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Proceedings Paper

Sequential growth for lifetime extension in biomimetic polypyrrole actuator systems
Author(s): J. C. Sarrazin; Stephen A. Mascaro
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Paper Abstract

Electroactive polymers (EAPs) present prospective use in actuation and manipulation devices due to their low electrical activation requirements, biocompatibility, and mechanical performance. One of the main drawbacks with EAP actuators is a decrease in performance over extended periods of operation caused by over-oxidation of the polymer and general polymer degradation. Synthesis of the EAP material, polypyrrole with an embedded metal helix allows for sequential growth of the polymer during operation. The helical metal electrode acts as a scaffolding to support the polymer, and direct the 3-dimensional change in volume of the polymer along the axis of the helix during oxidative and reductive cycling. The metal helix also provides a working metal electrode through the entire length of the polymer actuator to distribute charge for actuation, as well as for sequential growth steps during the lifetime of operation of the polymer. This work demonstrates the method of sequential growth can be utilized after extended periods of use to partially restore electrical and mechanical performance of polypyrrole actuators. Since the actuation must be temporarily stopped to allow for a sequential growth cycle to be performed and reverse some of the polymer degradation, these actuator systems more closely mimic natural muscle in their analogous maintenance and repair.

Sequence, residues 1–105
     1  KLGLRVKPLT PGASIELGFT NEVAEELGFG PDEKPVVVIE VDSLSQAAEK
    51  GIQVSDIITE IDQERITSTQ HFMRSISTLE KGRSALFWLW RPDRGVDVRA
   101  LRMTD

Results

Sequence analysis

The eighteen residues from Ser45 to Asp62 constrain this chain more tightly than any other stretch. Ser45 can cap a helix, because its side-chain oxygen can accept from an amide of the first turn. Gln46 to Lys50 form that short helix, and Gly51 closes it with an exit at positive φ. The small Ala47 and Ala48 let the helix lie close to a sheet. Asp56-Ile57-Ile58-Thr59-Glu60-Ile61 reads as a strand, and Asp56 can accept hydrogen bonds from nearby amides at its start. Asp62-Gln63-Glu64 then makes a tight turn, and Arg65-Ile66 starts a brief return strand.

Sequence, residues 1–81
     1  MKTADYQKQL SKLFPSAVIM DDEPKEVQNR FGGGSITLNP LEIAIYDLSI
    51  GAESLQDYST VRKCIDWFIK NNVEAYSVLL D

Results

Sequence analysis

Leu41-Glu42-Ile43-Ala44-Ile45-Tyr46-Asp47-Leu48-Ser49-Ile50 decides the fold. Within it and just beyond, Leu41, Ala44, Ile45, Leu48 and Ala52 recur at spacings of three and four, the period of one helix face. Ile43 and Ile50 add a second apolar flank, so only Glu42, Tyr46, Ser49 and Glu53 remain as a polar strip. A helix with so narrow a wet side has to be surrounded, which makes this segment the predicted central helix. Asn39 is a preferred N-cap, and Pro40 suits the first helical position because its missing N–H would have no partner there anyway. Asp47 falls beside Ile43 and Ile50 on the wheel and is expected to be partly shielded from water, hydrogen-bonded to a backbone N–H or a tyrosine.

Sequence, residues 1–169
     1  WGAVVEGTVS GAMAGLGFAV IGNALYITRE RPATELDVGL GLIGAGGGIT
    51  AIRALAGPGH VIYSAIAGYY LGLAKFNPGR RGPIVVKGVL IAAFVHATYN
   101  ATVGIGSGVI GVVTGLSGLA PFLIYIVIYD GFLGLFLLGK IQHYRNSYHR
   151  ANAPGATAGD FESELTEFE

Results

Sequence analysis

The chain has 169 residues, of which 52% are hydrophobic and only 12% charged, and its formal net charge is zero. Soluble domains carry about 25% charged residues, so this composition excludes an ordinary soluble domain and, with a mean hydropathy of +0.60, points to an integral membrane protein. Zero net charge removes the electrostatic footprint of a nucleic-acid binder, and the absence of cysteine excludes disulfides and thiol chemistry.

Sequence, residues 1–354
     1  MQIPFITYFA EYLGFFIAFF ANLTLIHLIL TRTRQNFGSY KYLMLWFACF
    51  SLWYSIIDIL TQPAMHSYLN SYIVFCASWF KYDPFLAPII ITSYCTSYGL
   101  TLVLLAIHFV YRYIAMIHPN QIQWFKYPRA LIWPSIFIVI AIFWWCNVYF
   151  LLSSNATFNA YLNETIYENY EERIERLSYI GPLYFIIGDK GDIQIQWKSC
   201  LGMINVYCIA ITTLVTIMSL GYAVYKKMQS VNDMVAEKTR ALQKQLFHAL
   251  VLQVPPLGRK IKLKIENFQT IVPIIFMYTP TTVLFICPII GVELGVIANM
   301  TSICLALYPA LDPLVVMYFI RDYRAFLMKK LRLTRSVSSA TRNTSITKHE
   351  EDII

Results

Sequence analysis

Paper Details

Date Published: 1 April 2015
PDF: 11 pages
Proc. SPIE 9430, Electroactive Polymer Actuators and Devices (EAPAD) 2015, 943018 (1 April 2015); doi: 10.1117/12.2084111
Show Author Affiliations
J. C. Sarrazin, The Univ. of Utah (United States)
Stephen A. Mascaro, The Univ. of Utah (United States)


Published in SPIE Proceedings Vol. 9430:
Electroactive Polymer Actuators and Devices (EAPAD) 2015
Yoseph Bar-Cohen, Editor(s)

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